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[chok] /tʃɒk/
a wedge or block of wood, metal, or the like, for filling in a space, holding an object steady, etc.
  1. any of various heavy metal fittings on a deck or wharf that serve as fairleads for cables or chains.
  2. a shaped support or cradle for a ship's boat, barrel, etc.
  3. a small wooden piece or timber for filling a gap, reinforcing an angle, etc., in a wooden vessel.
Metalworking. a bearing supporting the end of a rolling mill.
Mining. a roof support made of cribbing filled with stones.
Compare cog3 (def 2).
verb (used with object)
to furnish with or secure by a chock or chocks.
Nautical. to place (a boat) upon chocks.
as close or tight as possible:
chock against the edge.
Origin of chock
Middle English < Anglo-French choque (compare modern Picard choke big log, Normandy dial. chouque), Old French çoche (French soche); of uncertain origin Unabridged
Based on the Random House Dictionary, © Random House, Inc. 2017.
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Examples from the Web for chock
Contemporary Examples
Historical Examples
  • Also, there are four letter files and a large cabinet—all chock full of correspondence from authors and fans.

    The Fantasy Fan December 1933 Charles D. Hornig
  • I guess the palace will be chock full, Button-Bright; don't you think so?

    The Road to Oz L. Frank Baum
  • I filled him chock full, you bet; and mebbe we shan't see 'em again, though it's likely we shall.

    The Young Trail Hunters Samuel Woodworth Cozzens
  • It was chock full, and Jim and I have to sleep under the table.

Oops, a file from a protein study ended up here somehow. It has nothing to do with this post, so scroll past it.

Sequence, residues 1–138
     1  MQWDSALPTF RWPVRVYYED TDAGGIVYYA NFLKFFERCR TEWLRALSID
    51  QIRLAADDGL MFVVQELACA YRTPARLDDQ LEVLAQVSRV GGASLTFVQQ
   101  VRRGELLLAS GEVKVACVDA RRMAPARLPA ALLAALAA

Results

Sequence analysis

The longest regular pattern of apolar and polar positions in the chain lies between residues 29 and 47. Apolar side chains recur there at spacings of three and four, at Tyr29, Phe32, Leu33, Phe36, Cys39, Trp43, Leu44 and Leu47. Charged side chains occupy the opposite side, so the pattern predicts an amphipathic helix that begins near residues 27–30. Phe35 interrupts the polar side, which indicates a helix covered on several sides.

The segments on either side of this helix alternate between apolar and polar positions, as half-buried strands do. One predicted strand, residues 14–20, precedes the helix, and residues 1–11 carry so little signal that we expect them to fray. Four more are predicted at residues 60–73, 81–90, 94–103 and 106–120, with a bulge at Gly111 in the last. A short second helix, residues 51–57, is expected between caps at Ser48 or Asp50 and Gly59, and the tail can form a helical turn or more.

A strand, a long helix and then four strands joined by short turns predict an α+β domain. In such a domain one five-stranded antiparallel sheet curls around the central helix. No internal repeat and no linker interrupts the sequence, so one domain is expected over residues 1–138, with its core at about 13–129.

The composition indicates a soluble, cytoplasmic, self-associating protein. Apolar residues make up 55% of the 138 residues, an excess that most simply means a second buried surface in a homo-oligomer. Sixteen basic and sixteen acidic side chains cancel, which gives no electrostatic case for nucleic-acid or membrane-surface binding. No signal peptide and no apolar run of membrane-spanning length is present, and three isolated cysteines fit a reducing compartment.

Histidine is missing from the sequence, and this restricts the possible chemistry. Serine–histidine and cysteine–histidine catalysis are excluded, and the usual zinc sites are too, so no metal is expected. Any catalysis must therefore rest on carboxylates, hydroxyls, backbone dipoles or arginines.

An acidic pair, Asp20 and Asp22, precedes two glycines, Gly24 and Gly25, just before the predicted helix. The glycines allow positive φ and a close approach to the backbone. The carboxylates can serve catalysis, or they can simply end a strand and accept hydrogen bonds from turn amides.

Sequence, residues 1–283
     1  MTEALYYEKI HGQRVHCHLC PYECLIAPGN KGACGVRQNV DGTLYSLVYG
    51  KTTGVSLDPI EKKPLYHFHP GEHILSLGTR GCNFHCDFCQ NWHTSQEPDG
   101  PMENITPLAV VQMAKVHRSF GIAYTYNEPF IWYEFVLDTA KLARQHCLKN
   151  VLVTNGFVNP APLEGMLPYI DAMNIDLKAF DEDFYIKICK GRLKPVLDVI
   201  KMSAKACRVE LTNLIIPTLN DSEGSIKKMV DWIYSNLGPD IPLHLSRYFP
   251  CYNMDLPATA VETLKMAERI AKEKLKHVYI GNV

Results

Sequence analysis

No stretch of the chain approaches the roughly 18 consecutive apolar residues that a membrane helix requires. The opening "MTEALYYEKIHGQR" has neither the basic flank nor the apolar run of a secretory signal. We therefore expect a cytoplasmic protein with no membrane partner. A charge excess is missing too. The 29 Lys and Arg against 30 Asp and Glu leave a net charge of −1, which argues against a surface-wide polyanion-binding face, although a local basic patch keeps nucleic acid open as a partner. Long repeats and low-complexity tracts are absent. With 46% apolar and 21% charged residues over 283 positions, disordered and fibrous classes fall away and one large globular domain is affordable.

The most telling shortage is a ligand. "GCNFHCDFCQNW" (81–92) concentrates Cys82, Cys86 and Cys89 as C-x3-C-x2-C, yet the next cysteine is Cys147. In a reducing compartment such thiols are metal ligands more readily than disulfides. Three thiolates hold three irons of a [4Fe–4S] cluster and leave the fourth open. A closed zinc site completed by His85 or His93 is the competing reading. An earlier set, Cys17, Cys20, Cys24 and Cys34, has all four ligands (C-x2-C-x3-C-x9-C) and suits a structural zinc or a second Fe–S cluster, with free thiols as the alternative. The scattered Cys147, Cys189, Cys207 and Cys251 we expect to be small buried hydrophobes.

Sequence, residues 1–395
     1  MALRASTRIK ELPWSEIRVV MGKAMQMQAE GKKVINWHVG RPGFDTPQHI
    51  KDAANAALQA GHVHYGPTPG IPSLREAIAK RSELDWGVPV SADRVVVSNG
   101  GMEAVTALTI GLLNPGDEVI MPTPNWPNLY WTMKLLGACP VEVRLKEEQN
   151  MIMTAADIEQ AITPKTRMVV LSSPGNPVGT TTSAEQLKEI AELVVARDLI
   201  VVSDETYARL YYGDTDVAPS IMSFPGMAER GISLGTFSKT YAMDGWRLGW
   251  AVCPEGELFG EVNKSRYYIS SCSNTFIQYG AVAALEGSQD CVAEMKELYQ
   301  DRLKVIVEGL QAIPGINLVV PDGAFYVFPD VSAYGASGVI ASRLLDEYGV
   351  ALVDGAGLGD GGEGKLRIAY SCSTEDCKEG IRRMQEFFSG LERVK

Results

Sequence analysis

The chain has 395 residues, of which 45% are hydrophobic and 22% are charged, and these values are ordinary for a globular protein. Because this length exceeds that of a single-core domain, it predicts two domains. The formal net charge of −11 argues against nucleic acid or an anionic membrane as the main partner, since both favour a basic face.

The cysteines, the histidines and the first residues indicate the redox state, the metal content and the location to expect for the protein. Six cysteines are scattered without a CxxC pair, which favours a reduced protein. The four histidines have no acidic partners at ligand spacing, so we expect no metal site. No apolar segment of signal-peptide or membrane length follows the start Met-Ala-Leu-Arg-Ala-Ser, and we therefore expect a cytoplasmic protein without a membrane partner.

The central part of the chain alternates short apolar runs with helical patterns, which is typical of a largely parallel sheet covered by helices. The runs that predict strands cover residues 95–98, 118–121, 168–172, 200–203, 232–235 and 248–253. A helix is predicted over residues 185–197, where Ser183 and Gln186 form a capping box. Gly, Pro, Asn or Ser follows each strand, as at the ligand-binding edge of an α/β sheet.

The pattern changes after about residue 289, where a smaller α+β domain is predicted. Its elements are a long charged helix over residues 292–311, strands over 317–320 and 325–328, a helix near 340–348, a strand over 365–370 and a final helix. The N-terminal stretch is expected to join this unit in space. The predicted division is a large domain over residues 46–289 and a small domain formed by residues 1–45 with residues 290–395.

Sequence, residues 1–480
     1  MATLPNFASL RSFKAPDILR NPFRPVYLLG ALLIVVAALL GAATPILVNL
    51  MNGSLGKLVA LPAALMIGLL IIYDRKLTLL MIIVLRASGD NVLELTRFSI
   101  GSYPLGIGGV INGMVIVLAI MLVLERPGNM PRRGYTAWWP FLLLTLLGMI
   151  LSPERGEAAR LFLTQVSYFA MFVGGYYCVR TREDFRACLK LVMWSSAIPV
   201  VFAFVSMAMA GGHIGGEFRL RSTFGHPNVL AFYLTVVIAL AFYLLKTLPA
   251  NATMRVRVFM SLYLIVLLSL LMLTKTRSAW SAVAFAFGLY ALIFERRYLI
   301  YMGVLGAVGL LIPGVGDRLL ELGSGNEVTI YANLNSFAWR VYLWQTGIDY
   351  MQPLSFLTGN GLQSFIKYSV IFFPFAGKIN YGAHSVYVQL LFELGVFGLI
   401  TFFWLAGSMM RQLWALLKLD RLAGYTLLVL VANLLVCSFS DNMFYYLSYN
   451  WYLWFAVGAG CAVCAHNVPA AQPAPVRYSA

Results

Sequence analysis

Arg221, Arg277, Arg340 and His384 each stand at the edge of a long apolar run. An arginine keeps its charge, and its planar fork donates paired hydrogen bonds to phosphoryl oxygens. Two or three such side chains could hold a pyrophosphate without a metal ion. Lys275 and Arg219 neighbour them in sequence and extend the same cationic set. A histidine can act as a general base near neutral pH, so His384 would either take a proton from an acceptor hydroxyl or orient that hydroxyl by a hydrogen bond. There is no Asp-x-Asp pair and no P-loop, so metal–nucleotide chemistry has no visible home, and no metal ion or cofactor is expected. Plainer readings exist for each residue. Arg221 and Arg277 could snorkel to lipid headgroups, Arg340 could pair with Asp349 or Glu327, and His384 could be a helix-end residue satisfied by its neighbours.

Parkhurst Boys Talbot Baines Reed
  • Says the bins have got to be chock full of grain before January first, no matter what happens to us.

    Calumet 'K' Samuel Merwin
British Dictionary definitions for chock


a block or wedge of wood used to prevent the sliding or rolling of a heavy object
  1. a fairlead consisting of a ringlike device with an opening at the top through which a rope is placed
  2. a cradle-like support for a boat, barrel, etc
(mountaineering) See nut (sense 10)
verb (transitive)
(usually foll by up) (Brit) to cram full: chocked up with newspapers
to fit with or secure by a chock
to support (a boat, barrel, etc) on chocks
as closely or tightly as possible: chock against the wall
Word Origin
C17: of uncertain origin; perhaps related to Old French çoche log; compare Provençal soca tree stump
Collins English Dictionary - Complete & Unabridged 2012 Digital Edition
© William Collins Sons & Co. Ltd. 1979, 1986 © HarperCollins
Publishers 1998, 2000, 2003, 2005, 2006, 2007, 2009, 2012
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Word Origin and History for chock

1670s, "lumpy piece of wood," possibly from Old North French choque "a block" (Old French çoche "log," 12c.; Modern French souche "stump, stock, block"), from Gaulish *tsukka "a tree trunk, stump."


"tightly, close up against," 1799, back formation from chock-full.

Online Etymology Dictionary, © 2010 Douglas Harper
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